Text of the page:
Create an atmosphere of team cooperation. Most special occasions will require some brief comments. and sooner or later we all have to “share a few words” at one or another. and do not place the blame on your audience. is vitally important—although you may have to focus on one body and more or less ignore the rest of your audience. of course. but you’ll need to do it with humility and courtesy.–c oMMon SPeecH Situation S – Other elements of public speaking come into play in this setting. religious observances. you need to anticipate how your listeners will argue against your thesis. This is probably not a time to expound in detail on some lengthy topic. Maybe you need to make a class presentation that disagrees with the professor’s viewpoints. nor is it an occasion for persuading your audience on some controversial issue. and appear as though you didn’t prepare in advance. Keep your thoughts focused on the occasion. awards ceremonies. since they are the ones whom you’re trying to persuade. for example. you will want to speak clearly and be understood by everyone present. If you come into the room with an arrogant air of selfrighteousness. but your views will be far more attractive if you are polite. Remember our fundamental rule for special occasions: The audience is there to honor the occasion. 139 S p e c i a l o c c asi o ns Weddings. Structure your thoughts to be suitable to the occasion and the time limit. not to hear you speak. but a skillful public speaker can easily carry the day. You will want to connect with those who make the decisions. Stressful Situations Perhaps it’s time for a raise. you might feel that your work responsibilities have grown far beyond your job description due to the recent layoffs. This follows the methods we considered in Lesson 18 on handling questions from the audience. This form of public speaking actually comes closer to debate than to making a speech. you’ll lose your audience before you even begin. You will want to present a solid case. Downloaded from: iDATA. but also remember to acknowledge the difficulty of the situation. limited perhaps to five minutes or less. Eye contact. as well. funerals. and you will always want to be courteous and polite. This last point can be a challenge at emotionally charged public gatherings. Or perhaps you need to confront the directors of a civic organization concerning policies that have affected you. For example. extended family gatherings—they’re all part of our lives. and keep them brief. but your company has recently been laying off employees. jotting some notes on an index card so you don’t forget. You may know in advance that you’ll be called upon to speak. Confrontation naturally breeds hostility. Present your facts and requests. Don’t approach your boss with an air of grievance or resentment. except that in this situation your entire effectiveness will depend upon how well you address those questions. you will want to anticipate your audience’s counterpoints. If you can’t answer any question or argument that might be thrown at . and the most important element of your presentation will be your demeanor. birthdays. Finally. and your boss will be more likely to join your side. by preparing in advance! As we’ve said previously. or you might be asked spontaneously— but the end result is the same: Appear as though you are prepared. and you will need to prepare yourself to present counterarguments to their counterarguments. the best way to approach such occasions is to think through what you’ll want to say if asked. It is not enough simply to build a persuasive argument. Nevertheless. you aren’t ready to make your presentation. Life is filled with stress and confrontation. graduations. You’ll need to do this. put yourself in his or her position and recognize that your boss has also been affected by the present crisis.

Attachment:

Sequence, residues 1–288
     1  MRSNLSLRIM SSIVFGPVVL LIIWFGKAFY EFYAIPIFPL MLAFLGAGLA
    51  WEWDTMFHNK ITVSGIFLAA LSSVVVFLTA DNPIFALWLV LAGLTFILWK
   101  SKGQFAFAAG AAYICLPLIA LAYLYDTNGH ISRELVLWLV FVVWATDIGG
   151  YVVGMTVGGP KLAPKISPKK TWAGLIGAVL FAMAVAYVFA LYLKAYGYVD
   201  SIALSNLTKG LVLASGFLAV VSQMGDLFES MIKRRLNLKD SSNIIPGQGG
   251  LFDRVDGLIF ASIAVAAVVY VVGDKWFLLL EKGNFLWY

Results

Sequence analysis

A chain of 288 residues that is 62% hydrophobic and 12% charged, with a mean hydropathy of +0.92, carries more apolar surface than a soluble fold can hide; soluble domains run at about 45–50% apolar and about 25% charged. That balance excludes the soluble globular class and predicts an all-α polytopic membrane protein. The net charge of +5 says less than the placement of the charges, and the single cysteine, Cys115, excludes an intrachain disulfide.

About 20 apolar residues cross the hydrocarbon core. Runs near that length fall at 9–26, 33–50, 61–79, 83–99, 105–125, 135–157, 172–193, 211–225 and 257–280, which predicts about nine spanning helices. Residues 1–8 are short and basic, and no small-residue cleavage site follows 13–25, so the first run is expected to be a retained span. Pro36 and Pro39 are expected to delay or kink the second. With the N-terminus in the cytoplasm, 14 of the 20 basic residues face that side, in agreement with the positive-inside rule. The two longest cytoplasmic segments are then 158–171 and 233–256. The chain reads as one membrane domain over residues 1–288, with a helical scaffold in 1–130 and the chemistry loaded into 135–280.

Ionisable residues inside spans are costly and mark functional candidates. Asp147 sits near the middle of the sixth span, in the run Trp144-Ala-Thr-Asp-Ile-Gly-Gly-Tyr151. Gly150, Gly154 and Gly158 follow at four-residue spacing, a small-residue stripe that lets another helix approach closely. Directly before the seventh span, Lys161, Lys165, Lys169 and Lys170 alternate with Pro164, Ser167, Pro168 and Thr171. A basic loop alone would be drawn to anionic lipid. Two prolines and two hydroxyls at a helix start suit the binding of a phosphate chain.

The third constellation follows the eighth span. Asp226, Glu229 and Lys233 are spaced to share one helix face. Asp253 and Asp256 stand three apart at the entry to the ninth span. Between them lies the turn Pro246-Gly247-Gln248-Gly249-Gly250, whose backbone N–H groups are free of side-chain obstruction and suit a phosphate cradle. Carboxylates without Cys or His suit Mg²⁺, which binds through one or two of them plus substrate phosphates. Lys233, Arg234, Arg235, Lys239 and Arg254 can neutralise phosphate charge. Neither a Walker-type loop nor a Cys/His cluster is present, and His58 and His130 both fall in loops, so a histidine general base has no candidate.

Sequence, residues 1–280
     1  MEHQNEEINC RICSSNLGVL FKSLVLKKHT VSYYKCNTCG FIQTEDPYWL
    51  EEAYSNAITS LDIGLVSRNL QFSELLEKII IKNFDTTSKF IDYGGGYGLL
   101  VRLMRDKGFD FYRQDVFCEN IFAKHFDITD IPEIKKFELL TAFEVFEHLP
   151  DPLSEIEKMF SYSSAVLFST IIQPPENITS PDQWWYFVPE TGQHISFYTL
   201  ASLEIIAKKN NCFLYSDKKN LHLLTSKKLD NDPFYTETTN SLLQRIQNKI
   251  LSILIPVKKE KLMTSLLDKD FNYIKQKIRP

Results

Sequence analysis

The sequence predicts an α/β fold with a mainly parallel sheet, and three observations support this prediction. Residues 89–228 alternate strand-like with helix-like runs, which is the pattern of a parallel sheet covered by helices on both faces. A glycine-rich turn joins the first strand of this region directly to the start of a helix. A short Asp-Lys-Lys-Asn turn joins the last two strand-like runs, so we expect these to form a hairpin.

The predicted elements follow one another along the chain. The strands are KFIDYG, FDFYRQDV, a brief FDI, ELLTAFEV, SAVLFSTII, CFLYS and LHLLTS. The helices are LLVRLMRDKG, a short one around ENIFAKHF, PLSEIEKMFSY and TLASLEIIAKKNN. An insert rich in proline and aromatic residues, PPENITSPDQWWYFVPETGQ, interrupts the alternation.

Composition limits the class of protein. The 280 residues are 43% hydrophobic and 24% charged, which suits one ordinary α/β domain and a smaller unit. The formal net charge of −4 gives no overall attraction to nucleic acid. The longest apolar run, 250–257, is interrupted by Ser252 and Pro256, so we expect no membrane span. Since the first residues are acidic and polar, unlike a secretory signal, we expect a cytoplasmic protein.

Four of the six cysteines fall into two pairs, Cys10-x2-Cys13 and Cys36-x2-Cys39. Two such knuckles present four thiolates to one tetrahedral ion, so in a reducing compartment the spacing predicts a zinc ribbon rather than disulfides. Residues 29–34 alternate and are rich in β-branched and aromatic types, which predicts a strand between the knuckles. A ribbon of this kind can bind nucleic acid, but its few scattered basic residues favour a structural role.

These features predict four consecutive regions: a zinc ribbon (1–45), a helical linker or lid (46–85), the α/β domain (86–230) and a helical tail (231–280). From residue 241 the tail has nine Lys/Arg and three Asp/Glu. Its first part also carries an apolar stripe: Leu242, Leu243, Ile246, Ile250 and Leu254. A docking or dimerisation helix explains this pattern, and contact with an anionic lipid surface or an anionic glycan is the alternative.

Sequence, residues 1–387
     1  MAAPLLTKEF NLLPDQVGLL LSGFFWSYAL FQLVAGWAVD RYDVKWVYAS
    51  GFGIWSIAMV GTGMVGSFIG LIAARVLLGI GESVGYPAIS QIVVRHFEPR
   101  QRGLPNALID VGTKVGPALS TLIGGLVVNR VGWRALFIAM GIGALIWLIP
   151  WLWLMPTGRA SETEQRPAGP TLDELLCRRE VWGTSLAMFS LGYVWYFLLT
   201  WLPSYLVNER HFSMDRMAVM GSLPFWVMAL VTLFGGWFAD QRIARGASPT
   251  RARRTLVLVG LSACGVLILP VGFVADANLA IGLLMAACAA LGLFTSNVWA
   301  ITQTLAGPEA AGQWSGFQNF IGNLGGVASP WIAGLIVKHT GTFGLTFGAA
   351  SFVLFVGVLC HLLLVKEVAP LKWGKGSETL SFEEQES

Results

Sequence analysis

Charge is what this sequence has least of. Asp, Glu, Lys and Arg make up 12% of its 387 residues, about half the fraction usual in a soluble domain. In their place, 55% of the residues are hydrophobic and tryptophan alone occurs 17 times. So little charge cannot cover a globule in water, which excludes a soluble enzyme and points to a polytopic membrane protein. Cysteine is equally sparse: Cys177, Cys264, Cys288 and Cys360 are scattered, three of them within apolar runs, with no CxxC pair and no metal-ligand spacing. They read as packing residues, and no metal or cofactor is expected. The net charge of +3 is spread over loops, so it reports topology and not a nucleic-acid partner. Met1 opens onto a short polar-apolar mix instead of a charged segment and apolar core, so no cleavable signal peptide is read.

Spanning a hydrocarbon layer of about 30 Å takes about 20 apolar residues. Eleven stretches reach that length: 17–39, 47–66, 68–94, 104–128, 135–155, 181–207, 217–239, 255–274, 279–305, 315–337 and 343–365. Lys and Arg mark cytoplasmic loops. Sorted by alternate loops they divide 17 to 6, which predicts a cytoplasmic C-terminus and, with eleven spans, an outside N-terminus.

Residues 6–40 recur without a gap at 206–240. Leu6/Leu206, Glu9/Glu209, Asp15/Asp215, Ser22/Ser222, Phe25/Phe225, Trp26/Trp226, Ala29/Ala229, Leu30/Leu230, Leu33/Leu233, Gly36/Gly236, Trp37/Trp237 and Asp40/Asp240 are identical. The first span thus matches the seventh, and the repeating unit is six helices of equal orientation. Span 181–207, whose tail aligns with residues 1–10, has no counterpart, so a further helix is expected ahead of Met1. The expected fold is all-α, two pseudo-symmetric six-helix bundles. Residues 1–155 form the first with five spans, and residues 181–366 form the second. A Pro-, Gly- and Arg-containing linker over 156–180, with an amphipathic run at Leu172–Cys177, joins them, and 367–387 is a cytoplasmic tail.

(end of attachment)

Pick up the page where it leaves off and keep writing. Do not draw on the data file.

What is the occasion? ❏ Honorific (honoring someone.–c oMMon SPeecH Situation S – Exercise Use this questionnaire to outline your presentation: . What is my time limit? ___________________________________________________________________________________ ___________________________________________________________________________________ 3. Who is my audience? ___________________________________________________________________________________ ___________________________________________________________________________________ 4. What is my thesis? ___________________________________________________________________________________ ___________________________________________________________________________________ 140 Downloaded from: iDATA. If my audience will be several groups of opponents. which group will I focus on? ___________________________________________________________________________________ ___________________________________________________________________________________ 6. skip to question 9) ❏ Memorial (eulogizing someone. What is the main purpose of this speech occasion? How does this purpose influence what I will say? ___________________________________________________________________________________ ___________________________________________________________________________________ 2. skip to question 9) ❏ Introductory (introducing someone. skip to question 9) ❏ Public meeting ❏ Confrontation ❏ Group presentation 5.